Over the weekend, the Chinese government passed the country’s first ever national anti-domestic violence law. The law covers married as well as cohabiting couples but excludes gay partners. From The Guardian:
The law prohibits any form of domestic violence, including psychological abuse, and helps streamline the process for obtaining restraining orders.
[…] The law also covers unmarried people who cohabit. Asked at a news conference whether this included gay couples, Guo Linmao, a member of the legislative affairs commission of parliament’s standing committee, said the law was a response to specific problems discovered.
“There are a lot of examples of domestic violence between family members, and also between people who cohabit,” Guo said. “As for homosexuals in our country, we have not yet discovered this form of violence, so to give you a certain answer, it can be said that people who cohabit does not include homosexuals.” [Source]
The following are the five general provisions included in the law, translated by users at China Law Translate:
Article 1: This law is formulated so as to prevent and stop domestic violence, to protect the lawful rights and interests of family members, to preserve equal, harmonious, and civilized family relationships; and to promote family harmony and social stability.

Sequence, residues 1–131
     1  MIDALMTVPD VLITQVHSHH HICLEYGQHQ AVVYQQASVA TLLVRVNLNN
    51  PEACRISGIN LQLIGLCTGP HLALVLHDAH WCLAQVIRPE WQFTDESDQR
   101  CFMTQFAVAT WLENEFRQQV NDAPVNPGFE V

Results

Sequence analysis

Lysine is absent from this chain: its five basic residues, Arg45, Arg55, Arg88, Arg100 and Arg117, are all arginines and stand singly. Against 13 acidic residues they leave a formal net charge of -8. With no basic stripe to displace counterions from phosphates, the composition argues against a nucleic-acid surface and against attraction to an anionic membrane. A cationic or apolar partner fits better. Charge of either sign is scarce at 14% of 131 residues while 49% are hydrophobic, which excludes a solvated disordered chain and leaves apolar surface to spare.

Article 2: Domestic violence as used in this Law refers to physical, psychological or other infractions between family members effected through the use of methods such as beatings, restraints, maiming, restrictions on physical liberty as well as recurrent verbal abuse or intimidation.
Article 3: Family members shall help each other, love each other and live in harmony, and perform familial obligations.
[…] Article 4: People’s government institutions at the county level or above with responsibility for efforts on women and children, are responsible for organizing, coordinating, guiding, supervising and driving relevant departments’ efforts to counter domestic violence.
[…] Article 5: Efforts to counter domestic violence follow the principles of putting prevention first, and combining education, corrections and punishment. [Source]
On BBC, the University of Chicago’s Dali Yang discusses the new law:
Kim Lee, the American former wife of celebrity English teacher Li Yang, made Chinese legal history in 2013 when she was granted divorce on grounds of domestic violence after years of struggle with a system “designed to make you give up.” Kim’s is one of China’s landmark domestic violence cases that contributed to the passing of a national law, symbolizing a victory decades in the making.